Eastbay 46 SX vs. Sabre 46 Salon Express - 02/16/2011
In 2010 only about 400 new express boats were sold in the U.S. in the 40’ to 49’ range, and most of those were open Eurostyle designs, not Downeast-style hardtops. Perhaps as few as 40 boats were sold in the mid-forty foot range that were hardtops that have traditional-looking lines. That’s a pretty rarified audience, but both Grand Banks (the builder of the Eastbay 46 SX) and Sabre Yachts (builder of the Sabre 46 Salon Express) are now going mano-a-mano for a handful of yachtsmen who find this style and size appealing and want to keep the cost under a million dollars.
The Downeast style was inspired by Maine lobster workboats and this design seems attractive to boaters who appreciate the traditional aspects of yacht design and the sport of “yachting” in general. Generally speaking, they eschew the Eurostyle express cruiser because they feel it personifies a “nouveau yacht” boat owner who is likely to own a plastic fantastic. People attracted to this style like the suggestion of classic Maine workboat lines, the more shippy appearance, and the perception of Downeast quality and seaworthiness, as well as what it is not. Today this style is incorporated into boats built all over the world.
46’ (14 m) is a Good Length
There is something appealing about a 46’ (14 m) powerboat. For one thing, it is large enough to be considered a real yacht, not just a sportboat on steroids. For another, it takes a boat that is at least 46' long to carry a 15’ (4.6 m) beam (B/L ratio of .33) which is both wide enough to provide appropriate accommodations, has enough room for gracious entertaining, and has a look that overall is pleasing to the eye -- not too narrow or too fat. Finally, a 46' boat is usually large enough and heavy enough to handle offshore conditions with relative security when the weather turns nasty.
Yachtsmen who are attracted to traditional motorboat lines rather than Eurostyle ones should find these two -- remarkably similar looking -- boat models appealing. Both of these boats are new: the Eastbay 46 was introduced last year at this time at the Eurasia Boat Show in Istanbul and the Sabre 46 is being launched next month in Maine. But, while these boats might look like near identical twins, in fact they are quite different.
In our discussion where the two models are the same or nearly so, generally we will not mention these design details or items of equipment. Our mission is to compare and contrast the two boats so that the consumer might better scope out the differences to help find the best boat for his needs.
Eastbay 46 SX vs. Sabre 46 Salon Express -- Round #1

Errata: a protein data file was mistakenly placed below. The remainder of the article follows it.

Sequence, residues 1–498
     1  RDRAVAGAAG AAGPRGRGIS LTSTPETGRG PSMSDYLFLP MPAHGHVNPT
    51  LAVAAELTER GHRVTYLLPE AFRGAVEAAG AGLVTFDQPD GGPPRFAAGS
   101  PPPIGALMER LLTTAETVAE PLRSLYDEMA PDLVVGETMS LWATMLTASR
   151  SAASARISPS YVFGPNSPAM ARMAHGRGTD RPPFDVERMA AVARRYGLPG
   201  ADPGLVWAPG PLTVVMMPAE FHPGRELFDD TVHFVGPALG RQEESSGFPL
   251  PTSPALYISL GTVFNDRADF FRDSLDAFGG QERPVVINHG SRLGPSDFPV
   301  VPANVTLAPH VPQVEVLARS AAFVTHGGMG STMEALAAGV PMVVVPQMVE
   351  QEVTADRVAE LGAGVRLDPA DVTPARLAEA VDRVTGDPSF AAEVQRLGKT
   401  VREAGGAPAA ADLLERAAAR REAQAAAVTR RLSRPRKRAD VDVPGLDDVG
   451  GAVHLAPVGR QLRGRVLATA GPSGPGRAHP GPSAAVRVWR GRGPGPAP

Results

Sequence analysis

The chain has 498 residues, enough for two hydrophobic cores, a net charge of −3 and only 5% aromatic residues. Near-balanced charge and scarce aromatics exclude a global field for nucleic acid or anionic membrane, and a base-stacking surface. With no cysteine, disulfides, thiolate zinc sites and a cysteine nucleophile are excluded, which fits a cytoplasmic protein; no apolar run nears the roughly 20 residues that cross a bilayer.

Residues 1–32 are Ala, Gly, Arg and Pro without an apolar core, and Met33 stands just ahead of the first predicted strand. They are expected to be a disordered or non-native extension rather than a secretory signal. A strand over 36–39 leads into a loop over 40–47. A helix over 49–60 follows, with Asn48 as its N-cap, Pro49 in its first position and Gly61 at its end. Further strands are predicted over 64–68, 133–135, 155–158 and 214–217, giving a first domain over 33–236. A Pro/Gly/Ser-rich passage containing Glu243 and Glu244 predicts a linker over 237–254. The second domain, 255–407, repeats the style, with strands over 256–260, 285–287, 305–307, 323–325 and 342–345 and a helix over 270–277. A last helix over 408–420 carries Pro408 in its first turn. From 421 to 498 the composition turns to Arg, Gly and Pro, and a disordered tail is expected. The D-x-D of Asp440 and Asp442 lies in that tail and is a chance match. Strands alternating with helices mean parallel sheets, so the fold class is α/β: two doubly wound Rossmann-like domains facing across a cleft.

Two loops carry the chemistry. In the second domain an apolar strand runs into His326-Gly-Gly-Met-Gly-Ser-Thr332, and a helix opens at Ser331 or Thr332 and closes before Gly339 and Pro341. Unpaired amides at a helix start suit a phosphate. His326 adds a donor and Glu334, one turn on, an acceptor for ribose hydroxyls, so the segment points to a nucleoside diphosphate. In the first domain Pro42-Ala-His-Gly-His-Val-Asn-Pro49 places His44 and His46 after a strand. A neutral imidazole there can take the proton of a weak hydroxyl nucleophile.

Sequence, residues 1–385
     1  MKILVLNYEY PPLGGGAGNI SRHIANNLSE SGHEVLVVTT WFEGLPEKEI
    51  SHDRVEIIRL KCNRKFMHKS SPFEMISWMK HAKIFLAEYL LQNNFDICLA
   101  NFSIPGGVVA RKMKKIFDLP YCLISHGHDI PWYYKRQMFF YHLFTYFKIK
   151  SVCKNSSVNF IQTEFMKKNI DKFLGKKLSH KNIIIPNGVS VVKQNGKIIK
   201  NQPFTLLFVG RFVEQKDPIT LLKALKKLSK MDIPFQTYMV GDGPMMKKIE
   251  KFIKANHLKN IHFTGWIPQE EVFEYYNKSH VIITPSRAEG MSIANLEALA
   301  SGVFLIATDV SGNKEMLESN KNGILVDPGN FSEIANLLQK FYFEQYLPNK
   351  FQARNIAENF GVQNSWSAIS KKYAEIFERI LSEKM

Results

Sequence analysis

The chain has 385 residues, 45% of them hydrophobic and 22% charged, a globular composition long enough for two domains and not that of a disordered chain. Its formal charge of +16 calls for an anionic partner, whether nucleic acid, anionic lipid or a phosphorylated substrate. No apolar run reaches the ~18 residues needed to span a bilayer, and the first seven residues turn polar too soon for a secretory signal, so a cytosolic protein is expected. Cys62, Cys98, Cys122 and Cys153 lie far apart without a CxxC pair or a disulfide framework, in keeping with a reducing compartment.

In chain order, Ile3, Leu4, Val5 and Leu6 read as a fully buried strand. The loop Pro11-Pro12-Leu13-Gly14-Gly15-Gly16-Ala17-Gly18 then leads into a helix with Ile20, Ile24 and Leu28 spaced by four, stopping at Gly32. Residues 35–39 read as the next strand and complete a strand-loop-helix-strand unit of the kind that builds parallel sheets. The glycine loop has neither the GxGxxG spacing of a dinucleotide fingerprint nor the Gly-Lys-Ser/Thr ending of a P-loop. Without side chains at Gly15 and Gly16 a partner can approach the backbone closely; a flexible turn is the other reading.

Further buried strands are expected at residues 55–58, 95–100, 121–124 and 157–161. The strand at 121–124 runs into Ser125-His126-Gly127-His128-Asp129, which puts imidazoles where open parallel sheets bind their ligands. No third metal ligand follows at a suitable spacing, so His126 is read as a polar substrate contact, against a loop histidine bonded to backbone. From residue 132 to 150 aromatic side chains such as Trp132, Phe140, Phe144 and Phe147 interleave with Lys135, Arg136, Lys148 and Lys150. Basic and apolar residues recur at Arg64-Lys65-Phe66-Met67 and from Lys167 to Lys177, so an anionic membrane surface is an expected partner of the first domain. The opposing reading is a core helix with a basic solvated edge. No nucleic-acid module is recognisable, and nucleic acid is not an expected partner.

As regular readers know, when comparing boats once we get past the pretty face and alluring curves, the first thing we look at is the displacement of the vessels on our short list. And in the case of the Eastbay 46 SX and the Sabre 46 Salon Express they are quite a bit different, and this single dimension could be a major factor in determining which boat will best fulfill one’s mission.
The Eastbay’s displacement is published at 42,006 lbs. (19,054 kgs.) with "half load." We assume that means a half load of liquids (fuel, water, and black water), so we will deduct 2,650 lbs. (1,204 kgs.) from the published displacement to get the boat's "dry weight" which would be then 39,356 lbs. (17,889 kgs.) The Eastbay appears to weigh 4,656 lbs. (2,116 kgs.) more than the Sabre’s dry weight of 34,700 lbs. (15,740 kgs.). If that is true, then the Eastbay is 13.4% heavier than the Sabre, or, put another way, the Sabre is 11.8% lighter than the Eastbay.
There is well over two tons of weight separating the two boats -- but where is it? Their engines and drive trains weigh the same, their generator and other equipment are comparable and on deck the boats are the same length. Is the difference in the hull and deck laminate, the cabinetry and furniture, bulkheads and flooring, or, a little bit from here and there? We asked spokesmen for both builders, and they both said they didn't know.
Neither direction (heavier or lighter) is necessarily the right or the wrong way to go – rather, they are just different approaches to providing a good coastal cruiser. An owner's mission, destinations, performance criteria and pocket book will determine which direction is best for the purpose in mind.